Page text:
- Names and affiliations of the organisers
The workshop calls will be evaluated considering the (i) quality of the proposal, (ii) relevance of the workshop topic and (iii) overall span of workshop topics. This first call is targeted at groups who which to establish a longer lead time to promote and develop their workshop program than is typically the case with Pervasive workshops. Clearly, topics for workshops should differ substantially from the topics of the invited workshops.
The notifications will be sent by the end of July. Accepted workshops are expected to finalize their workshop program (call for papers, PC, website etc.) at the latest by October 2nd, 2009.
* June 26, 2009: Submission deadline
* July 31, 2009: Notification
* October 2, 2009: Deadline for final workshop descriptions and workshop webpages
The deadline for the second call is October 16, 2009. This will be the standard call our research community has for each Pervasive conference.
Participants submitting to the second call are expected to submit full proposals (4-6 pages). More details about this call will be sent at a later stage.
Please visit the workshops page at
for up to date information.
Petteri Nurmi & Aaron Quigley
Pervasive 2010 Workshop Chairs
Sunday, May 17, 2009
Congrats to Emil and Mike my co-authors for our newly accepted paper entitled "A self-adaptive architecture for autonomic systems developed with ASSL" at ICSOFT 2009, the 4th International Conference on Software and Data Technologies.
"The aim of this conference is to bring together researchers, engineers and practitioners interested on information technology and software development. The conference tracks are "Software Engineering", "Information Systems and Data Management", "Programming Languages", "Distributed and Parallel Systems" and "Knowledge Engineering".
Software and data technologies are essential for developing any computer information system, encompassing a large number of research topics and applications: from programming issues to the more abstract theoretical aspects of software engineering; from databases and data-warehouses to the most complex management information systems; knowledge-base systems; Distributed systems, ubiquity, data quality and many other topics are included in the scope of ICSOFT."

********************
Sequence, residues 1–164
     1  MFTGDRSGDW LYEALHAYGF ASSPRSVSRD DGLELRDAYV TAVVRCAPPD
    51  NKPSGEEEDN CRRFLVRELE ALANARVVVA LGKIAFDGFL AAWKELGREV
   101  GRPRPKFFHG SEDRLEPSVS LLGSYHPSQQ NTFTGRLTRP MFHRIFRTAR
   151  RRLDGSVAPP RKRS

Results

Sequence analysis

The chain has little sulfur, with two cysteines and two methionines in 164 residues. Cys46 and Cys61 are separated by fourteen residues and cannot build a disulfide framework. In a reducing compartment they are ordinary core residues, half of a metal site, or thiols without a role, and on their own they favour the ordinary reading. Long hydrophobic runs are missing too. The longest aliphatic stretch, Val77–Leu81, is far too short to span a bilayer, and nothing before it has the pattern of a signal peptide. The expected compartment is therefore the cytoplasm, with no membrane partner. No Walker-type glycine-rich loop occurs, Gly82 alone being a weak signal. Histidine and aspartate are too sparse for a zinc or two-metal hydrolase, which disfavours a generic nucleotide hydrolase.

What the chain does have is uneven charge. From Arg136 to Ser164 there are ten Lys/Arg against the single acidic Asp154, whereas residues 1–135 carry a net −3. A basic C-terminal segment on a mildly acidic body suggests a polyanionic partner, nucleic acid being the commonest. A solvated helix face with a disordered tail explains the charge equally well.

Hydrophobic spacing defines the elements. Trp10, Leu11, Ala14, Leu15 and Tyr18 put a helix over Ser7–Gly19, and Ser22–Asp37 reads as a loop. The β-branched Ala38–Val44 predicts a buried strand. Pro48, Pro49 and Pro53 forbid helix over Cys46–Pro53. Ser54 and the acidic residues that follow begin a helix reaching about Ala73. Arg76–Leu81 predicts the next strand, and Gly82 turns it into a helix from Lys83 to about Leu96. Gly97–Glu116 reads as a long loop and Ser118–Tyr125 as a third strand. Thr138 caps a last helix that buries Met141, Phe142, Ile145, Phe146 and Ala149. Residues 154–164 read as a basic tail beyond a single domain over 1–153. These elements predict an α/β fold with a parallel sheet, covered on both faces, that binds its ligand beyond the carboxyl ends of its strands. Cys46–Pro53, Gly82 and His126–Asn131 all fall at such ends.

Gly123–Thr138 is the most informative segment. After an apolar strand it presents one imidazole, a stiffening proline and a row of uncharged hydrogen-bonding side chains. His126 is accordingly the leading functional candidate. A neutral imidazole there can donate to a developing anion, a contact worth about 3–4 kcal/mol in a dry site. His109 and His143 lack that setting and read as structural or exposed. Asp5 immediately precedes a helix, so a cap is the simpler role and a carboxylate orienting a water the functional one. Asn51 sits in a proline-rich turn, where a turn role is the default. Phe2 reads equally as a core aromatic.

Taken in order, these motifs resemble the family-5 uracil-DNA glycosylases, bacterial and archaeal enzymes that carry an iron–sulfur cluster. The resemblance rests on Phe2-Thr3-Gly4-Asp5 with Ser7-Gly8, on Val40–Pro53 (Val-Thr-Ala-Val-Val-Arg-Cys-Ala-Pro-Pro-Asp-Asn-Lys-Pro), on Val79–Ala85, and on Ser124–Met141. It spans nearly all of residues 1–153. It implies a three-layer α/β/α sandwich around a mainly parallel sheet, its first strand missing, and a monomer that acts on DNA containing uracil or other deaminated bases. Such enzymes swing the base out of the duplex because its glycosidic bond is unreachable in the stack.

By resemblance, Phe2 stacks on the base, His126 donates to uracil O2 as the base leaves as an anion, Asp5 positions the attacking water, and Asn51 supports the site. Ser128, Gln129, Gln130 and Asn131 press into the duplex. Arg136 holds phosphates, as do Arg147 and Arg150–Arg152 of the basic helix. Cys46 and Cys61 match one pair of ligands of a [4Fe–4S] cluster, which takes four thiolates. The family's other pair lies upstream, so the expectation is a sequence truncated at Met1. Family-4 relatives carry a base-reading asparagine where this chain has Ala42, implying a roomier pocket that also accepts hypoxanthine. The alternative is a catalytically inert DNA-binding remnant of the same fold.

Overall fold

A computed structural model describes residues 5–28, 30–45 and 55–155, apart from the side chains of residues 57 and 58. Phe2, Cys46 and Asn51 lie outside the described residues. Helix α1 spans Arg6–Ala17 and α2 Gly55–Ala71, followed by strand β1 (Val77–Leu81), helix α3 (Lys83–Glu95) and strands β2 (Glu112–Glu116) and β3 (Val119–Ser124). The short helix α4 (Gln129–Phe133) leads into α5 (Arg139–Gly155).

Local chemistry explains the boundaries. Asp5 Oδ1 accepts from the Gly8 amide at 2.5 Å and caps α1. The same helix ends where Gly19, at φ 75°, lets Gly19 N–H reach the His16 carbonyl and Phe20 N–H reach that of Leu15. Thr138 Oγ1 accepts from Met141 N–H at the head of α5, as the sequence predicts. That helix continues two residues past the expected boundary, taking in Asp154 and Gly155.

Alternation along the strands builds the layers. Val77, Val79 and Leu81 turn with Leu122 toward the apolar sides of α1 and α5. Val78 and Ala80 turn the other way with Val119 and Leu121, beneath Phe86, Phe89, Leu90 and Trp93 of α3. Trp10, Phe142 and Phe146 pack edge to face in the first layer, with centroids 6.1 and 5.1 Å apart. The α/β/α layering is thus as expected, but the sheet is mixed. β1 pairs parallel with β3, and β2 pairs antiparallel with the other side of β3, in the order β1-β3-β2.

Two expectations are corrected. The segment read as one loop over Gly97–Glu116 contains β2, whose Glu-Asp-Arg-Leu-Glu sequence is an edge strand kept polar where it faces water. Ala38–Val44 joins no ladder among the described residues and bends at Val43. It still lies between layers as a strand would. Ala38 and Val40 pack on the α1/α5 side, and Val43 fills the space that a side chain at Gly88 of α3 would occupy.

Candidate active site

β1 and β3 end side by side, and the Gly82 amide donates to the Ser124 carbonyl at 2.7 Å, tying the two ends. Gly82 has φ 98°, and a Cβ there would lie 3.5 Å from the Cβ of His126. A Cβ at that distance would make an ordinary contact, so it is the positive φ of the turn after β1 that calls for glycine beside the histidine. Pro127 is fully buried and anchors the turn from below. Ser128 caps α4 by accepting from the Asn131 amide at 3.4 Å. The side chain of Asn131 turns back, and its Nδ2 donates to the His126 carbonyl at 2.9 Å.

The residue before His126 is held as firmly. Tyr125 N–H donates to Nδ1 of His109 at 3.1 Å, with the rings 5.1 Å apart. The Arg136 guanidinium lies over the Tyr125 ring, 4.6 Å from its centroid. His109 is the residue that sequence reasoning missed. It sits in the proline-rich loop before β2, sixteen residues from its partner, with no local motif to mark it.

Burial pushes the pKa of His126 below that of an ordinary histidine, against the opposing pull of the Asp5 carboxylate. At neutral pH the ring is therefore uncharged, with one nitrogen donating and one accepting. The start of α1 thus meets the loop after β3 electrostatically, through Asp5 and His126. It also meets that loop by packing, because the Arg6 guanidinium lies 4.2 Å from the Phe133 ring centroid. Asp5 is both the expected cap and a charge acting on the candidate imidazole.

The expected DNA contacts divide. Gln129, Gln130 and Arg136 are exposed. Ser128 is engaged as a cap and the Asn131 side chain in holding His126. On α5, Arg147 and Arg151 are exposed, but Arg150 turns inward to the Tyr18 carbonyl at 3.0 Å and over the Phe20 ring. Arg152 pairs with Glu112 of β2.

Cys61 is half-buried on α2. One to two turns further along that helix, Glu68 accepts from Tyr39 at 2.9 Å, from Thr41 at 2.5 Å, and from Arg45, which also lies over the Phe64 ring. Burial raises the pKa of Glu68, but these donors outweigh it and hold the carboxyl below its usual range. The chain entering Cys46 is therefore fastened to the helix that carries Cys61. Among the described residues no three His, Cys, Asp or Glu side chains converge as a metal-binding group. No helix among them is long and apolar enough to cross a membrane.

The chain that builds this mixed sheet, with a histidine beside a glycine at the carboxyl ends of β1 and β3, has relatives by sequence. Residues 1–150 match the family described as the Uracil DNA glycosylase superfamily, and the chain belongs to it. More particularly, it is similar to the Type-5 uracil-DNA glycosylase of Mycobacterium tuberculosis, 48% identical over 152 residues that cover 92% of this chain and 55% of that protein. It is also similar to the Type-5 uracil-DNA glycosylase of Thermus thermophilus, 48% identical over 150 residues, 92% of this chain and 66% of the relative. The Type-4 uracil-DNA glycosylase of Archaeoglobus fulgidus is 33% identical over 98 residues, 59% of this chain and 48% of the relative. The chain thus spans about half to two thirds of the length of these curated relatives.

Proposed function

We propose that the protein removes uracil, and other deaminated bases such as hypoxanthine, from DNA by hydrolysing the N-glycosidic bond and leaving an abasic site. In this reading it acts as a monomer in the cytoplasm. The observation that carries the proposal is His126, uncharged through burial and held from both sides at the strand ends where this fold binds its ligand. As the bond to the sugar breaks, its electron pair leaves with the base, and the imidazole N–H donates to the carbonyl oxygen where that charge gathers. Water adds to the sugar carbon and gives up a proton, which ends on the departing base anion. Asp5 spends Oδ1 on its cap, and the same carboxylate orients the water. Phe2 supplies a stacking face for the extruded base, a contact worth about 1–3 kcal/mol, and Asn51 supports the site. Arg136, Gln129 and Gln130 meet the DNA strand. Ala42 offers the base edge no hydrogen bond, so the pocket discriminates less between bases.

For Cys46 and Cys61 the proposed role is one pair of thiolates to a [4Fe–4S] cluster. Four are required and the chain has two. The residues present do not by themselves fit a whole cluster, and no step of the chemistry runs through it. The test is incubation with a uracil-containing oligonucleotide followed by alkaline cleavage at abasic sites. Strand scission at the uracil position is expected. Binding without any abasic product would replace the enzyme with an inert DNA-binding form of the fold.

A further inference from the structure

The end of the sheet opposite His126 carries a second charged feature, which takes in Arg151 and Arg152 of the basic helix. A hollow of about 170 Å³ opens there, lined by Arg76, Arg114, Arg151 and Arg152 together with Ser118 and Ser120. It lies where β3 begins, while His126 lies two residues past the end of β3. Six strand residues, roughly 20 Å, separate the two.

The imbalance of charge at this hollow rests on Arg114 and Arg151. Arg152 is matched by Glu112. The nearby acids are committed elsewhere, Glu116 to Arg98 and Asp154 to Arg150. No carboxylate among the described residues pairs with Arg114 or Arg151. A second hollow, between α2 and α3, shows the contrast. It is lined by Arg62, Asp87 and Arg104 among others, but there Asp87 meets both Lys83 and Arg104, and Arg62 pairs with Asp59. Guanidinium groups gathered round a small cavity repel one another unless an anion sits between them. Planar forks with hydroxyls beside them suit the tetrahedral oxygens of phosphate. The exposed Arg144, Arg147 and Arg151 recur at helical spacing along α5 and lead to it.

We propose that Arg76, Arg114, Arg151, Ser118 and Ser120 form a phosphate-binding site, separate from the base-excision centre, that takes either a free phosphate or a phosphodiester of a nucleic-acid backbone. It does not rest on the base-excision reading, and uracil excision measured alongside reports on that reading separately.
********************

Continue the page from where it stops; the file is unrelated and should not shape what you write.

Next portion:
Wednesday, May 13, 2009
Earlier this week I attended a Pervasive 2009 workshop on Pervasive Advertising I organized with Jörg Müller, University of Münster, Albrecht Schmidt, University of Duisburg-Essen and Bo Begole, PARC. My postgraduate student Ross Shannon presented two papers on our ideas and developments in this space. There were some very interesting and thought provoking presentations and all the participants fully engaged with the full program of events from presentations to actual working sessions.
During Pervasive Advertising 2009 we discussed not only means of showing dynamically updated content, but also means to react implicitly and explicitly to the audience in its vicinity. In order to interact with the target audience, technologies need to be explored that are capable of identifying the user or their interests/needs. It's clear (for good or bad) advertising is becoming one of the major deployers of pervasive computing technology for many end-users (e.g. mobile ads, digital signs, context awareness, RFID etc.).
On a side note, given a quick survey online I am going to lay claim to coining a new term, namely "Haptic Jingle". This is a pretty simple but I think powerful idea.
Consider all the products we know and use on a regular basis. There are now many products which have well known catch phrases or audio jingles. Typically when we hear such phrases or jingles we automatically recall and associate this with the product or service. Now, I'm not making a value judgment on if this is a good or a bad thing but it did give me the idea for what I call a "Haptic Jingle".